BERLIN, April 18 (Reuters) - Finance Minister Wolfgang Schaeuble urged German lawmakers on Thursday to approve a 10 billion euro bailout for Cyprus amid new uncertainty over whether the deal will get through the Mediterranean nation's own fractious parliament.
The Bundestag lower house is widely expected to back the rescue after Germany and its euro zone allies demanded that Cyprus impose major losses on depositors, shutter its second largest bank and raise the corporate tax rate in return for aid.
But surprise news on Wednesday that the Cypriot parliament is also likely to vote on the deal has raised fresh questions. Early signs are that nearly half the members of the 56-seat chamber may oppose it, a step that could plunge Cyprus into bankruptcy and force it out of the euro zone.
'Step by step we are winning back confidence. If you look at the markets, there is still nervousness and uncertainty. But it is considerably less that three years, two years or one year ago,' Schaeuble said in his speech.
'The aid for Cyprus secures the successes we've already achieved in the euro zone. We must prevent the problems in Cyprus from unleashing new problems in other euro zone countries.'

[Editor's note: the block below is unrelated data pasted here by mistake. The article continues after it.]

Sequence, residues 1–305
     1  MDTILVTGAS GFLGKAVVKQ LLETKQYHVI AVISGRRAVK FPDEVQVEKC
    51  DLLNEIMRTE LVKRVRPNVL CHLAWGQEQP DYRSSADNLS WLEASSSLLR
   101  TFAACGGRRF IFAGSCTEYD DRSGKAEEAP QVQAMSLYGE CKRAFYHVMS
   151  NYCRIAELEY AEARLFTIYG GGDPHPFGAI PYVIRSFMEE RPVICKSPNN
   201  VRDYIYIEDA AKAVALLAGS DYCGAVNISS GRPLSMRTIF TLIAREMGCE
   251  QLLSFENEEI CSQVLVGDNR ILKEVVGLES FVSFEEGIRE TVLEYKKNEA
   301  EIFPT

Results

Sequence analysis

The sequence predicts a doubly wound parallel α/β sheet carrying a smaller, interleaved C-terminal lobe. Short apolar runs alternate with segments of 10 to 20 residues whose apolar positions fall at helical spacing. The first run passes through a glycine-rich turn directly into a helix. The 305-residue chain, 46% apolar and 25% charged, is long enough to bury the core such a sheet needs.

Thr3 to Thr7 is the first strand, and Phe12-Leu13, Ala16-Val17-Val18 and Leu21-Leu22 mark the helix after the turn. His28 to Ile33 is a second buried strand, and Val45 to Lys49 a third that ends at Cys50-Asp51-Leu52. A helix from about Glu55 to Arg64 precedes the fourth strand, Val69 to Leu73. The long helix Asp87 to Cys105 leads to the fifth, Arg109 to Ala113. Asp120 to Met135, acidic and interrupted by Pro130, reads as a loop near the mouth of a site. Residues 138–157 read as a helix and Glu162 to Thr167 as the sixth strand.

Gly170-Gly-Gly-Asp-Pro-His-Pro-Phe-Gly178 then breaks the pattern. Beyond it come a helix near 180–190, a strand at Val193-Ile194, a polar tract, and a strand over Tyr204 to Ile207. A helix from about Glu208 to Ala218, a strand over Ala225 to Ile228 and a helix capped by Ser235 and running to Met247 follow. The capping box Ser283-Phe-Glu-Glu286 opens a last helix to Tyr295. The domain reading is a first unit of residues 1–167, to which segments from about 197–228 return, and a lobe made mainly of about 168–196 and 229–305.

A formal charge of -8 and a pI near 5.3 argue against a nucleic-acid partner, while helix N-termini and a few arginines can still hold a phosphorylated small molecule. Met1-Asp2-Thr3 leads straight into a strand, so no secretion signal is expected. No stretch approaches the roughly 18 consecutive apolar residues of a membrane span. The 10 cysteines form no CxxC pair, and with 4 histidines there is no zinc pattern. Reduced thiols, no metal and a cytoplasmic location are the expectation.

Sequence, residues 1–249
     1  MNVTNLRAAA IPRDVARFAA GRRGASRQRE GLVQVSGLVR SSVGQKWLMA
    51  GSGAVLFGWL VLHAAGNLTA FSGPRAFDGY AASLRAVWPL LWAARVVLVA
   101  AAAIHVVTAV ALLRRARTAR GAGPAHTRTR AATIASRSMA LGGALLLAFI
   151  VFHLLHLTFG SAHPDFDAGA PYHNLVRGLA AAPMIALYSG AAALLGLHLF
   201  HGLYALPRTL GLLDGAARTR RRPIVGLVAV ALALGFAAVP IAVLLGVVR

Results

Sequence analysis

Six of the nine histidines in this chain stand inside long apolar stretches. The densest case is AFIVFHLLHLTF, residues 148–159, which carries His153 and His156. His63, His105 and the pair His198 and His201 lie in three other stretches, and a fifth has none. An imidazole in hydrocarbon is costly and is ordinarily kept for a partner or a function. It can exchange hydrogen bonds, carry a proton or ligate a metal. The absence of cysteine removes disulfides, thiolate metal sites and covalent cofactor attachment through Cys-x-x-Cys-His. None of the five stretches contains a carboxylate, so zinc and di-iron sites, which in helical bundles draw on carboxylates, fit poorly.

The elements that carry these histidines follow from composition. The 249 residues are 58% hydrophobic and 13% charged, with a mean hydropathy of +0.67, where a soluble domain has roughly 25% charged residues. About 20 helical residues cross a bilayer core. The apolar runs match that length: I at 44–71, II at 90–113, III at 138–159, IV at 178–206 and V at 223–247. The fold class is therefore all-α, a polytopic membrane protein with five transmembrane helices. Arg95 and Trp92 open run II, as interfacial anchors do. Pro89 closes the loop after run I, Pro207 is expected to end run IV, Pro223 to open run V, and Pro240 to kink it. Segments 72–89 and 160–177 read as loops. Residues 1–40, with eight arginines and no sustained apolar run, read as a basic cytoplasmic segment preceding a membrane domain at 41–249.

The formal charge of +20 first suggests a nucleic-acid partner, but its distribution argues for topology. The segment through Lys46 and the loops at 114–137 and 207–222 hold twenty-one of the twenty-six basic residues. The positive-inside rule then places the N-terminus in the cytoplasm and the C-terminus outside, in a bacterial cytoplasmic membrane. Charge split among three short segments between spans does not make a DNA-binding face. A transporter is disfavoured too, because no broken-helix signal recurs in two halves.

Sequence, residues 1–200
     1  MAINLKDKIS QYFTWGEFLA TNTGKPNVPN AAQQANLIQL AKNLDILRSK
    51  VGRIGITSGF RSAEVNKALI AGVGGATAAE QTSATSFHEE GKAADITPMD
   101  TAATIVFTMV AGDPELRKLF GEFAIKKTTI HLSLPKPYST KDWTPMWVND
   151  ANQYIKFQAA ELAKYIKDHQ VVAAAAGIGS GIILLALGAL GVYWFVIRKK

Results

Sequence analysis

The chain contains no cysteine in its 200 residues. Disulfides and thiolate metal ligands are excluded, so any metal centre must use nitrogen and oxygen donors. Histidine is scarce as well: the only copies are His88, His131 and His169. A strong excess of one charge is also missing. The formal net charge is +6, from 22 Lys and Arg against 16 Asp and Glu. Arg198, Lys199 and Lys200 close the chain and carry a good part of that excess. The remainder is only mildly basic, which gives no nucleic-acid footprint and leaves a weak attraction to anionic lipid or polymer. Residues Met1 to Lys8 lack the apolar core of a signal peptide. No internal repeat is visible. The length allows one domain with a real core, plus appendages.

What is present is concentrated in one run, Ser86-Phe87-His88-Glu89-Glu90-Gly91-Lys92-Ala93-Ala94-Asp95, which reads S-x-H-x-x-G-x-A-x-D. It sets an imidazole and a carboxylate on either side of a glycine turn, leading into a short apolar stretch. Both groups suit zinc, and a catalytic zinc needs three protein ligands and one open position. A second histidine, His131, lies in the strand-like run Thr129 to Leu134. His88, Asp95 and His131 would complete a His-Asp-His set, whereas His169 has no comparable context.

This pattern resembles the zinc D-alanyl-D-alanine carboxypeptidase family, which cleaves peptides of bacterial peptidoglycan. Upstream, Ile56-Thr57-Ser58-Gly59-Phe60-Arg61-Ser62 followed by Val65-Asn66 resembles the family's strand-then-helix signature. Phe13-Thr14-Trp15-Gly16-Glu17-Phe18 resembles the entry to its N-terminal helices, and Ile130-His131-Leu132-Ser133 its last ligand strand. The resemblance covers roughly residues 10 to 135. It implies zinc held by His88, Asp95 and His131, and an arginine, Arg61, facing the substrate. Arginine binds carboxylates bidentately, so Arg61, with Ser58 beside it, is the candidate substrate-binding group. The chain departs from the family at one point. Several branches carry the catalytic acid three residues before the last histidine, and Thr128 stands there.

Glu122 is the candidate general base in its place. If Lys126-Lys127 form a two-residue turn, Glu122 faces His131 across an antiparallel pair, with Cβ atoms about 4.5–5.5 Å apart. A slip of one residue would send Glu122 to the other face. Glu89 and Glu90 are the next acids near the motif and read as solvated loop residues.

He added that if Cyprus were allowed to go bankrupt, there was a 'significant risk' of contagion to Greece and other vulnerable euro zone member states.
Responding to Schaeuble, the leader of the centre-left Social Democrats in parliament Frank-Walter Steinmeier said his party would support the bailout, but attacked the government for initially backing a plan to hit small savers in Cypriot banks.
That proposal was scrapped after a major backlash and the new bailout only hits people with deposits over 100,000 euros.
'Mr. Schaeuble, whether you asked for this or simply joined others in supporting it, it was a huge mistake. It stoked fear and insecurity in Europe,' said Steinmeier.
(Reporting by Noah Barkin and Madeline Chambers; Editing by Stephen Brown) Keywords: CYPRUS GERMANY/
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